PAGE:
As you contemplate offering new healthcare products and services, I suggest that you engage your laser focus on significantly reducing the costs of medical products and procedures - while at least maintaining the quality of care. Given the current intense focus on those costs, their reduction offers an excellent path to commercial success. View current costs as problems to be solved, then innovate to reduce them.
Attacking the costs of medical products in particular is a worthwhile activity, but it's not enough. More leverage (and more commercial success) will result from lowering the societal costs of interventional procedures, diagnostic methods, and treatment protocols.
Then there's the matter of drug costs, a current issue of widespread interest and white-hot rhetoric - an issue closely linked to reported pharma R&D expenditures. Those reported levels of R&D investment are controversial and obviously related to the dismal R&D productivity of drug R&D.
Depending upon your point of view and your role in the US healthcare system, you are either convinced that (1) current drug pricing is justifiable and contributes little to overall healthcare costs, that (2) pharma R&D is terribly inefficient and must be improved and modernized, or that (3) both statements are true.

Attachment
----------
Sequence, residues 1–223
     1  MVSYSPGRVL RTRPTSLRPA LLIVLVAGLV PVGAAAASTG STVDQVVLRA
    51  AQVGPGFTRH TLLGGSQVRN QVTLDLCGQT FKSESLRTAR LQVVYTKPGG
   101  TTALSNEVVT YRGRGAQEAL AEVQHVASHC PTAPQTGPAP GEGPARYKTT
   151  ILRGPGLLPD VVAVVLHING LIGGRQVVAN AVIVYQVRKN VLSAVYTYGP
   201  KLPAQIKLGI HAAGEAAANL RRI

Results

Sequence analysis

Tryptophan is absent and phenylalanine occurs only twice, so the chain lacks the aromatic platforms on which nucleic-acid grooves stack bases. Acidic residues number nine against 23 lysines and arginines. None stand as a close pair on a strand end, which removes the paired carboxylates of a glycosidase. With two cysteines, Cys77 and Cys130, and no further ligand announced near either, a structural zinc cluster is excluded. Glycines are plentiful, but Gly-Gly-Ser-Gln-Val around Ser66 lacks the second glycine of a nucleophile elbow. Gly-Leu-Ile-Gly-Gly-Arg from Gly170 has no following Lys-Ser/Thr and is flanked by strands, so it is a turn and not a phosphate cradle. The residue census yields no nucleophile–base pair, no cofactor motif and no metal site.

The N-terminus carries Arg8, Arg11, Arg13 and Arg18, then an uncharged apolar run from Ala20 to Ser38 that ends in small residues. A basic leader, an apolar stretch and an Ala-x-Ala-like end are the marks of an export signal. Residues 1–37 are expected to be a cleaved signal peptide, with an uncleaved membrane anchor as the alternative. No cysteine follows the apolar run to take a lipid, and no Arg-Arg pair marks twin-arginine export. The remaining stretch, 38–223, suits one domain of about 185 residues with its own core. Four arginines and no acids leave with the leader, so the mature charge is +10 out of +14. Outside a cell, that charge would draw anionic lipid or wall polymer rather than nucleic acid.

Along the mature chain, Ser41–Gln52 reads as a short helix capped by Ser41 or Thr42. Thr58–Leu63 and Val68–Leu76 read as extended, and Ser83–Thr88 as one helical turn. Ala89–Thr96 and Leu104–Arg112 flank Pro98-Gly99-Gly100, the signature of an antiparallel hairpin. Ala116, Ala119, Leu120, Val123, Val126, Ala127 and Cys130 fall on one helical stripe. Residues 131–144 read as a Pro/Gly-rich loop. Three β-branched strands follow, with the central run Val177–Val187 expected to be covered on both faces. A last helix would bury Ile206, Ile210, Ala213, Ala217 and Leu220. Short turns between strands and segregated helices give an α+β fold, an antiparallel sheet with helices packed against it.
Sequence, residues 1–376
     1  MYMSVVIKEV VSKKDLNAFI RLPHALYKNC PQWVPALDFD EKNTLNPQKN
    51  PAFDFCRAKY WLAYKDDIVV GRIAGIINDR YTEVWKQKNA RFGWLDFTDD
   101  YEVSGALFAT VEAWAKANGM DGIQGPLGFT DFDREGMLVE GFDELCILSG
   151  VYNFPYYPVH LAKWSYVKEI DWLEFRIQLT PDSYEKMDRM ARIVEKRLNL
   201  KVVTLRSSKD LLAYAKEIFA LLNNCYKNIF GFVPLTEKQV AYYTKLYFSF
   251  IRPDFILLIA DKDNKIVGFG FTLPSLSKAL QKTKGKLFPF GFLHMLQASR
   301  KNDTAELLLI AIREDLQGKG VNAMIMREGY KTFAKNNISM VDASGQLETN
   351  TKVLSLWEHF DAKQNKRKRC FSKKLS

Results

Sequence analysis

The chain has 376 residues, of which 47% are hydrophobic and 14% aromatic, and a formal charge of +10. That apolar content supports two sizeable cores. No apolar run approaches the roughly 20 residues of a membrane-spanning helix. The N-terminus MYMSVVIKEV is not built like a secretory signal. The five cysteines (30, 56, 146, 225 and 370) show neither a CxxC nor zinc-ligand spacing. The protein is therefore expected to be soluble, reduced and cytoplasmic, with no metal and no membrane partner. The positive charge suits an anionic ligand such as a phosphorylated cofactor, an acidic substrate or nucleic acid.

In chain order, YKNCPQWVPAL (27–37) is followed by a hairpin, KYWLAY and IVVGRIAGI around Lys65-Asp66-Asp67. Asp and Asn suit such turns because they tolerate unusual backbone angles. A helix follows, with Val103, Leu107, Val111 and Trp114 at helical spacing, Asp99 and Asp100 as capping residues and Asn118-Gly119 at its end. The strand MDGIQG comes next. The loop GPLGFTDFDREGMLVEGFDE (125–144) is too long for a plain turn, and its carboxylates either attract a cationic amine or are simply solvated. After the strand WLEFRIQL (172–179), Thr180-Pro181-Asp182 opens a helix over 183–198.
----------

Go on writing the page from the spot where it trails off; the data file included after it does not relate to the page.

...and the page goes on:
I find that the first (industry) view is well summarized by Luca Dezzani, Global Medical Director at Novartis, in his recent post entitled "
Cost of Medicines in Context
." The second (more prescriptive) view is laid out by CPhl North America in its recent whitepaper entitled "
Pharma Must Lower R&D Costs - Here's How to Do It
." They recommend focus on three broad initiatives:
- Decreasing the risk and failure rates within the drug development process
- New drug development models
- Key changes to regulatory constructs
Regardless of where you stand on this critical issue, it's difficult to argue against an improvement in the poor productivity of drug R&D. Something's got to give!